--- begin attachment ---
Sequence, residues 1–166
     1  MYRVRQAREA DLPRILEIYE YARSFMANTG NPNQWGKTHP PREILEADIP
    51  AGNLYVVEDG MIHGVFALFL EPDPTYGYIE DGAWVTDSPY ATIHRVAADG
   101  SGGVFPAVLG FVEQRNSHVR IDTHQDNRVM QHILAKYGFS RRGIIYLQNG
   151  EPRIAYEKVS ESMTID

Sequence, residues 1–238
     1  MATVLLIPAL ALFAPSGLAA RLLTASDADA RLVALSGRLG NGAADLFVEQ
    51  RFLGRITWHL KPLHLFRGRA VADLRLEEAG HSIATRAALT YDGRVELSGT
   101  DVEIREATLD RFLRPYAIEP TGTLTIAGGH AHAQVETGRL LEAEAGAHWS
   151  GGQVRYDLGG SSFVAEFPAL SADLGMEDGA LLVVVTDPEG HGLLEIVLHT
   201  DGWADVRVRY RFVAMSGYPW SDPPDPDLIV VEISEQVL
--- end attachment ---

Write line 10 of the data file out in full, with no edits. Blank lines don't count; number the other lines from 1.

   151  GGQVRYDLGG SSFVAEFPAL SADLGMEDGA LLVVVTDPEG HGLLEIVLHT